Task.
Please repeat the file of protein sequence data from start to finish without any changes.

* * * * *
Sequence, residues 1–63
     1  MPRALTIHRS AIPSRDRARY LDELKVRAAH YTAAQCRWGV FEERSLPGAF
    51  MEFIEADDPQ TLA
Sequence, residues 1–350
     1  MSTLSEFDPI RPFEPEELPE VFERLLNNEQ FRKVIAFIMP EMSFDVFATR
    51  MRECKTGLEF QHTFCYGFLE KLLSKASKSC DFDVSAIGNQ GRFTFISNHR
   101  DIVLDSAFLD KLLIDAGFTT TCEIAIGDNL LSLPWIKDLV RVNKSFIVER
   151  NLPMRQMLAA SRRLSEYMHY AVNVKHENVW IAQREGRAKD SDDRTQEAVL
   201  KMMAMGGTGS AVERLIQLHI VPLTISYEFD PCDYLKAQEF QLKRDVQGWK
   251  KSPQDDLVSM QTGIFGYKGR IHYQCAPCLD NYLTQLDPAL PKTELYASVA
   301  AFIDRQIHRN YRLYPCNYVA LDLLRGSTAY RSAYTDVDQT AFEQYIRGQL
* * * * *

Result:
Sequence, residues 1–63
     1  MPRALTIHRS AIPSRDRARY LDELKVRAAH YTAAQCRWGV FEERSLPGAF
    51  MEFIEADDPQ TLA
Sequence, residues 1–350
     1  MSTLSEFDPI RPFEPEELPE VFERLLNNEQ FRKVIAFIMP EMSFDVFATR
    51  MRECKTGLEF QHTFCYGFLE KLLSKASKSC DFDVSAIGNQ GRFTFISNHR
   101  DIVLDSAFLD KLLIDAGFTT TCEIAIGDNL LSLPWIKDLV RVNKSFIVER
   151  NLPMRQMLAA SRRLSEYMHY AVNVKHENVW IAQREGRAKD SDDRTQEAVL
   201  KMMAMGGTGS AVERLIQLHI VPLTISYEFD PCDYLKAQEF QLKRDVQGWK
   251  KSPQDDLVSM QTGIFGYKGR IHYQCAPCLD NYLTQLDPAL PKTELYASVA
   301  AFIDRQIHRN YRLYPCNYVA LDLLRGSTAY RSAYTDVDQT AFEQYIRGQL